The Tenth Amendment Center has championed a bill introduced by a group of Washington State legislators that condemns the unlawful detention of U.S. citizens and lawful resident aliens under the National Defense Authorization Act.
A Fitchburg, Mass., woman and her 3-year-old daughter fell victim last week to the product of increasingly militarized and invasive tactics used by police officers throughout the United States. At 6:04 a.m. last Thursday, just before her alarm clock was set to go off, Judy Sanchez was awakened by pounding at the door of her apartment.
Opponents of the Stop Online Piracy Act and the Protect IP Act warned on Thursday — a day after many Internet companies shut down in protest of the bills — that though awareness and discontent with the bills is heightened, the fight continues.
Police, like those in Fargo, N.D., have bought bomb-detection robots, digital communications equipment and Kevlar helmets similar those used by soldiers in foreign wars. The onslaught of purchases for military-style equipment is being carried out with Homeland Security funds allotted since the Sept. 11, 2001 terror attacks.
Congress cleared a $662 billion defense bill Thursday. The National Defense Authorization Act will now go to President Barack Obama for his signature.
The Senate passed a $662 billion Defense bill 93-7, after an agreement was reached to add compromise language on the detention of U.S. citizens and terror suspects on U.S. soil. The compromise is meaningless according to some opponents of the bill.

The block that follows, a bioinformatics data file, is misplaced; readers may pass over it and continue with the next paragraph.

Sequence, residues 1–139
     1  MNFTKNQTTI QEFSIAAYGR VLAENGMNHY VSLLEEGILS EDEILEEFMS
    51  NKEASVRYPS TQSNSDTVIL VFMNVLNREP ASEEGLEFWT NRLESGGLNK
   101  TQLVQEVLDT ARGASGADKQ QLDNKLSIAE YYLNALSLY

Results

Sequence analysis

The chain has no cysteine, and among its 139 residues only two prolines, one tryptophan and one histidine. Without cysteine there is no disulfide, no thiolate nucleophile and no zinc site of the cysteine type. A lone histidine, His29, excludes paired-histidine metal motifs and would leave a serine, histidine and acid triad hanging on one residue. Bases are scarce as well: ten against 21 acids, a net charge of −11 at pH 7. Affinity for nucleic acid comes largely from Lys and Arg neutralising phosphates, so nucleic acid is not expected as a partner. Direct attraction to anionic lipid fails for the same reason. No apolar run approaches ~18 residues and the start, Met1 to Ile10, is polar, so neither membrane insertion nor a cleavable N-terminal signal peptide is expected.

There is some speculation that organized protest movements such as Occupy Wall Street have encouraged lawmakers to put provisions in place that give the Federal government the authority to quickly quell dissent that grows out of control and the detain agitators.
The United States Department of the Interior has drafted new legislation that would potentially kick firearms enthusiasts off of millions of acres of public lands in order to keep them from “freaking out” urbanites who like to use the land for hiking and dog walking. The biggest impact of the laws will be to tracts of land situated in the West.
Some features of proposed legislation would ultimately make companies liable for user copyright infringements taking place on their websites thereby creating a system that, much like Chinese corporate “self-discipline,” gives website operators incentive to be very strict about the information they allow to be published on their venues.
The Justice Department wants to solidify Internet regulations on citizens in the United States that criminalize such things as lying on Internet dating websites and uploading videos to YouTube that violate the company’s “terms of service” agreement. Opponents of the idea call the proposal draconian and say that making people felons for failing to adhere to website rules is ridiculous.